If you're wondering which spots the Irish think are worth visiting- wonder no more! The Independent, an Irish publication, polled its readers to find the top 7 Wonders of Ireland.
If you've listened to the podcast in the past you know that I love to get tips from my Irish friends on places they think visitors should add to their Ireland itinerary- so this is like getting the ultimate insight!
In today's episode I'll be sharing these 7 Wonders of Ireland, as well as tips for visiting and possible alternate attractions. As always, you'll find plenty of links to more information in the show notes!
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Ireland's 7 Wonders
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(2:37) #7 – Scattery Island
This 6th century monastic settlement is located in the Shannon Estuary, a half-hour ferry ride from Kilrush, County Clare.
Scattery Island is an OPW site, and guided tours are available during the high tourism season. Your OPW card does not cover the ferry ride to the island.
It is very near the Shannon Ferry crossing, and makes a terrific addition to your trip between the Cliffs of Moher/ Burren area and County Kerry.
Book at Scattery Island Tours.
(4:34) #6 – Newgrange
It's older than Stonehenge and the Egyptian pyramids and it's engineering which aligns a small window with the winter solstice continues to intrigue.
Newgrange is accessible only via guided tour from the Brú na Bóinne Visitor Centre.
Tickets can be booked in advance online.
One of Ireland's 3 UNESCO World heritage sites (the other 2 are also on this list!).
To visit a passage tomb without the crowds consider Loughcrew Cairns, also in County Meath.
(6:58) #5 – The Skelligs
These craggy rocks just of the Ring of Kerry may have become world famous thanks to Star Wars, but the monastic settlement of beehive huts and steep stone stairs have been around since the 6th-8th century.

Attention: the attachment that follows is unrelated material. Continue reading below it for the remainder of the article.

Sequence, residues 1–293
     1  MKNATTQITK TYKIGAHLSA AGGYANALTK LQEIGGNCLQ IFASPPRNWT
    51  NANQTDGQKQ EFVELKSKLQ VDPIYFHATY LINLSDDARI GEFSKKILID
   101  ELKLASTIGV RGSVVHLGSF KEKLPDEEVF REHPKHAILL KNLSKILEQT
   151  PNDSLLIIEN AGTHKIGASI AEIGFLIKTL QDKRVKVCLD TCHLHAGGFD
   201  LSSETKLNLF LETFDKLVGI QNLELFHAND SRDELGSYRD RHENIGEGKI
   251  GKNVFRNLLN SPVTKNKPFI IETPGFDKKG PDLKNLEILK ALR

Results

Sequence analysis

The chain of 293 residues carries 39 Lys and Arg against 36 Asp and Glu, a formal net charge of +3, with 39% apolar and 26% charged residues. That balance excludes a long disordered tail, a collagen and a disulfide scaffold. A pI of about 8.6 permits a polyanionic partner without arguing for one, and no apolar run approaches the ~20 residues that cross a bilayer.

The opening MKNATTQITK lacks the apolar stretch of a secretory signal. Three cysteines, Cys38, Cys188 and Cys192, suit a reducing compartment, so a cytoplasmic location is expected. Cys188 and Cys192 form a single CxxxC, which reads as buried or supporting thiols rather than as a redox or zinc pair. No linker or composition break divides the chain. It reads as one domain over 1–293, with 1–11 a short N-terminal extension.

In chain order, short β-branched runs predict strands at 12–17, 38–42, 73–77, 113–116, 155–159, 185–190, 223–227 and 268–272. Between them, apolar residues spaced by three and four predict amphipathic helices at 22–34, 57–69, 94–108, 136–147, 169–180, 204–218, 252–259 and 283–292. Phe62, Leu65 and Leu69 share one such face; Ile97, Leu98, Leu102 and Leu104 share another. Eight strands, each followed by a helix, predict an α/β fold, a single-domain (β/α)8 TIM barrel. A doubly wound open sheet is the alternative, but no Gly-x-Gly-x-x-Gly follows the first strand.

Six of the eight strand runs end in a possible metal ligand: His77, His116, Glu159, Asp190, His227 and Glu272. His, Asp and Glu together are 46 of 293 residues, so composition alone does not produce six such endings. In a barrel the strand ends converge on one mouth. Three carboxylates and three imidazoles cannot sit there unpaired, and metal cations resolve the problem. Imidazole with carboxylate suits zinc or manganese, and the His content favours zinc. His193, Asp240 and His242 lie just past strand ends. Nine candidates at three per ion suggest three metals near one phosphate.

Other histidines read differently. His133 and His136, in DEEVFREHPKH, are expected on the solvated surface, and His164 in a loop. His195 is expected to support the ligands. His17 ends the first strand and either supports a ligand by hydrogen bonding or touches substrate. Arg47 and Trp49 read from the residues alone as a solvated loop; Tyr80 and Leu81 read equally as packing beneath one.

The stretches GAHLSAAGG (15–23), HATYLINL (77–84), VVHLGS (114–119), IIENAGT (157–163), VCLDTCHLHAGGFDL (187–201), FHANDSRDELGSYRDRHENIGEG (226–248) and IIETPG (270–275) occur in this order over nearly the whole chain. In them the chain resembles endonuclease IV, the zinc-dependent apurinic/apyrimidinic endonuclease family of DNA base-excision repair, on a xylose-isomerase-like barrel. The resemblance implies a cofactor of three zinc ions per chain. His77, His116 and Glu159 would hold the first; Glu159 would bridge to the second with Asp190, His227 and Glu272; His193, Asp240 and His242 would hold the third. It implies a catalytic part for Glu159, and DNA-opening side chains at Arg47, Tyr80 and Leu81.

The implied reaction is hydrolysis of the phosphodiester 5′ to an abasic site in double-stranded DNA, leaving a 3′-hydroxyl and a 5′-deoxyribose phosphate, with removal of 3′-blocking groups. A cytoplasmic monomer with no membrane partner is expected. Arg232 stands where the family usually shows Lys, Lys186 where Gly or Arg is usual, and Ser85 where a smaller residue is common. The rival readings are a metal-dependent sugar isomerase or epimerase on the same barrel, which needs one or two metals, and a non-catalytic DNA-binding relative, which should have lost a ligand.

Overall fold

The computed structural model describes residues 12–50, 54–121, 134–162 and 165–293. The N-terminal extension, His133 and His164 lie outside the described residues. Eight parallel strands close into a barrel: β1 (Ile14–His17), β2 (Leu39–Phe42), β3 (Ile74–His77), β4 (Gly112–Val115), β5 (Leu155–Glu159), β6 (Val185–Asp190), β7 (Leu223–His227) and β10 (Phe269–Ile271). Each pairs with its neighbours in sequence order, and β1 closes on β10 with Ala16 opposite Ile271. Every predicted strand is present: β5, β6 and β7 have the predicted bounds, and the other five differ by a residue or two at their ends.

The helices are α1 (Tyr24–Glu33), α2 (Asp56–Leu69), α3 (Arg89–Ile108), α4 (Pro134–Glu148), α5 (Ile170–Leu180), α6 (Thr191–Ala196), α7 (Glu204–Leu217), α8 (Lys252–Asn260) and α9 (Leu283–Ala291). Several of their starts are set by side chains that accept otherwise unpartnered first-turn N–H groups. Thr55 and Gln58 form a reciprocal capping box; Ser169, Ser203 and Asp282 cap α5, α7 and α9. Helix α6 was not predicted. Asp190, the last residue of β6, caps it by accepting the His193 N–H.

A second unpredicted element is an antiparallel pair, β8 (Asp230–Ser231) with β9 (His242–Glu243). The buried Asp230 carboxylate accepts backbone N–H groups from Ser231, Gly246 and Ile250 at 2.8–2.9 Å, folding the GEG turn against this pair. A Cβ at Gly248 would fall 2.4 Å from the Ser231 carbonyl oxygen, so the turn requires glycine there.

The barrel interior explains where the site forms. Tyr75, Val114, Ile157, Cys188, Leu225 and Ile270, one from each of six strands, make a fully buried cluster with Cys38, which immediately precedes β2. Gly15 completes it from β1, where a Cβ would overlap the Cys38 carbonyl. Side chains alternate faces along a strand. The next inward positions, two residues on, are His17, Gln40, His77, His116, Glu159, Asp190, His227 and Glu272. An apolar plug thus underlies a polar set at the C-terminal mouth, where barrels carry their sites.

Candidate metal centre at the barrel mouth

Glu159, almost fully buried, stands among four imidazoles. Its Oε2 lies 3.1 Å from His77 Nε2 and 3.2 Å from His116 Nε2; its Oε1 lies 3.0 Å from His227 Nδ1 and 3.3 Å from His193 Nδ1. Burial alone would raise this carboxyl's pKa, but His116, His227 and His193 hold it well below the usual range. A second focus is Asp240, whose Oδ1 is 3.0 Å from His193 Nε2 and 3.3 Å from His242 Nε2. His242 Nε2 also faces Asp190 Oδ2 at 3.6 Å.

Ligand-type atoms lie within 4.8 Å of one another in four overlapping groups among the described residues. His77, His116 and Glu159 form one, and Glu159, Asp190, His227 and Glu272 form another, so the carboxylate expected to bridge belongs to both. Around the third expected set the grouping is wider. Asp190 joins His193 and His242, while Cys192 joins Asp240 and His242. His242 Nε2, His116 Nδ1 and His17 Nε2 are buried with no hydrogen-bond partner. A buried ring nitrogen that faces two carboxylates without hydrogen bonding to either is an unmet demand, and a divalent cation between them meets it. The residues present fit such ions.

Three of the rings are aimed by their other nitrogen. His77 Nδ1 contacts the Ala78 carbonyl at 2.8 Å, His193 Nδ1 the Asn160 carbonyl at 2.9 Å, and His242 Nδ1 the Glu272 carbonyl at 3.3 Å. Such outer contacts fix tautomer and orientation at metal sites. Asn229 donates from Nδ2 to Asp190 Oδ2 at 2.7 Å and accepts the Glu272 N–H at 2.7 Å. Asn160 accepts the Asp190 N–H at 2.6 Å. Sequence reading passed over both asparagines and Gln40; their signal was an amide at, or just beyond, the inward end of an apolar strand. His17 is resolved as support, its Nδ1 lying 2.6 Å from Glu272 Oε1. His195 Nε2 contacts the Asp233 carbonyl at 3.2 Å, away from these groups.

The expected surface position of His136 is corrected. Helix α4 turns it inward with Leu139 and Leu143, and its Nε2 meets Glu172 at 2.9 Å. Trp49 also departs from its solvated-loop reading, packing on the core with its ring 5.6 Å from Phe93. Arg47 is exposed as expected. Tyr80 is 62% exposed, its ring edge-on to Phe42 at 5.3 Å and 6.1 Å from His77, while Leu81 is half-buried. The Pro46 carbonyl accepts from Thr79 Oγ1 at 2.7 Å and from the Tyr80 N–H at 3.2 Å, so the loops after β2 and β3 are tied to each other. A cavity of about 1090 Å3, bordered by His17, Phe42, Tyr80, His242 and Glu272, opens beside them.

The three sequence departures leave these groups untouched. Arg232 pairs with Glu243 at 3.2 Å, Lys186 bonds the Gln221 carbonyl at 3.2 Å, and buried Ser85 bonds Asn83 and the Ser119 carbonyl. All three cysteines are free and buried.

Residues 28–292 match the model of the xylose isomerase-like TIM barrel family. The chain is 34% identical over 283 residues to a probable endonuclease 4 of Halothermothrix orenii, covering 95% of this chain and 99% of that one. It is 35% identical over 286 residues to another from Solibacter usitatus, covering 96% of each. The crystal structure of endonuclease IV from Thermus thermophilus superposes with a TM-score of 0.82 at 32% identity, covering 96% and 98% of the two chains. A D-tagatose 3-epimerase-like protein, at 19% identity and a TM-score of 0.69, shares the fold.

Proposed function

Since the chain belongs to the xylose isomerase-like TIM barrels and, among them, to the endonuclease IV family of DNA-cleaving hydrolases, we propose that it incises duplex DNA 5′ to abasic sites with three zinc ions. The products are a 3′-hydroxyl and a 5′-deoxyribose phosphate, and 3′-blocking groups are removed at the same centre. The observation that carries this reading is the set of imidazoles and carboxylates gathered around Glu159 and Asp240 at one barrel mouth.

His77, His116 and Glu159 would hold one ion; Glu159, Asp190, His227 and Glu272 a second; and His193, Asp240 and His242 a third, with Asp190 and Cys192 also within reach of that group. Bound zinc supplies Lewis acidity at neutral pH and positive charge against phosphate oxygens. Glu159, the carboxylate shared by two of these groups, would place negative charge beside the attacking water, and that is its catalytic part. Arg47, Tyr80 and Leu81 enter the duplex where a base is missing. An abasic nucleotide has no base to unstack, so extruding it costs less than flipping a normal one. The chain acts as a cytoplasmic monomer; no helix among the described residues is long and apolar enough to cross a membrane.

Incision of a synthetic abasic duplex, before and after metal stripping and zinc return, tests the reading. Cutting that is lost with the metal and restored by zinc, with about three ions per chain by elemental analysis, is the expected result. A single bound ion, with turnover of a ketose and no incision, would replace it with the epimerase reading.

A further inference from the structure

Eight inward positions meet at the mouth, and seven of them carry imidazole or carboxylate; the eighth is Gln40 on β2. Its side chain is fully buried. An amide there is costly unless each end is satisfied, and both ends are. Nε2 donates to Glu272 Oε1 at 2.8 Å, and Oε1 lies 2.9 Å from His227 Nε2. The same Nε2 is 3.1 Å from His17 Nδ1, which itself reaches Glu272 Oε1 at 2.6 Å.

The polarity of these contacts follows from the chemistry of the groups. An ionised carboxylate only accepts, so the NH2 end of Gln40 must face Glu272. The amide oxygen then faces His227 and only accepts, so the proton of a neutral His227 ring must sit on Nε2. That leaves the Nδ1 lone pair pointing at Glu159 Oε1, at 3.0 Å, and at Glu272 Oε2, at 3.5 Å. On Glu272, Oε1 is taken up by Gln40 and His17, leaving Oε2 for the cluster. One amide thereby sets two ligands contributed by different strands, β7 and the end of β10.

One of Ireland's 3 UNESCO World Heritage Sites.
Before you consider a trip to Skellig Michael:
- The boats are seasonal- usually running May thru late September/ early October and are completely weather dependent
- Plan to stay a few days in the area- just in case your trip is cancelled. You'll find plenty to do along the Ring of Kerry and Killarney.
- Even on a calm day the waters can be quite choppy and seasickness can and will occur
- There are no facilities on the island. None. So come prepared with food and water. And be prepared to take everything back with you.
- This is not a trip for small children, people with a fear of heights, or people with limited abilities.
For an alternate experience explore the Skellig Ring. This small loop off the popular Ring of Kerry offers incredible views of the Skelligs as well as replica beehive huts.
Added bonus: large tour buses can't fit down this road. That said, it is very narrow here, with many blind spots. I recommend a professional driver guide.
(11:25) #4 – The Giant's Causeway
Whether you believe the basalt columns were laid by the giant Finn McCool or are the result of volcanic activity, there is no denying the feeling of awe that comes with standing on these hexagonal stones.
One of Ireland's 3 UNESCO World Heritage sites.
Huge visitor numbers mean loads of people on the stones – and all of them are trying to get an iconic photo.
Go beyond the Grand Causeway and even above! Get all my tips for visiting the Giant's Causeway!
The Giant's Causeway is included in the Ulster Overview itinerary.
(13:51) #3 – Slieve League Cliffs
They are higher than the Cliffs of Moher- and receive about 1/10th of the visitors.
Located in County Donegal the cliffs soar to 1,972 feet at their highest point, and are free to visit.
A road leads to the top, but I think the best way to approach is to walk, not drive. You can feel the ground rise beneath you and the views as you climb become more spectacular with each step.
If you are an experienced hiker plan the time to hike the Pilgrim's Path and One Man's Pass loops (3-4 hours).
(16: 15) #2 – Fastnet Rock
‘Ireland's Teardrop' was often the last sight emigrants saw of their country as the left for America.
Ireland's tallest lighthouse sits atop this tiny island off the coast of West Cork.
Fastnet Tours include a stop on Cape Clear Island to explore the Fastnet Exhibition and the Fastnet Rock Heritage Centre, a circumnavigation of the island and it's incredibly photogenic lighthouse, and, if you are lucky, whale and dolphin sightings.
(17:53) #1 – The Cliffs of Moher
They are the most popular natural attraction in Ireland – ‘the calling card for Ireland's west coast'.
I've visited the cliffs multiple times, and the view never fails to take my breath away.
It will always be busy here, but to escape the heaviest crowds walk the Cliffs Trail on either side of the main park. For a completely different view hop aboard a boat and gaze up the Cliffs from below.
Which of these 7 Wonders of Ireland are on your bucket list?
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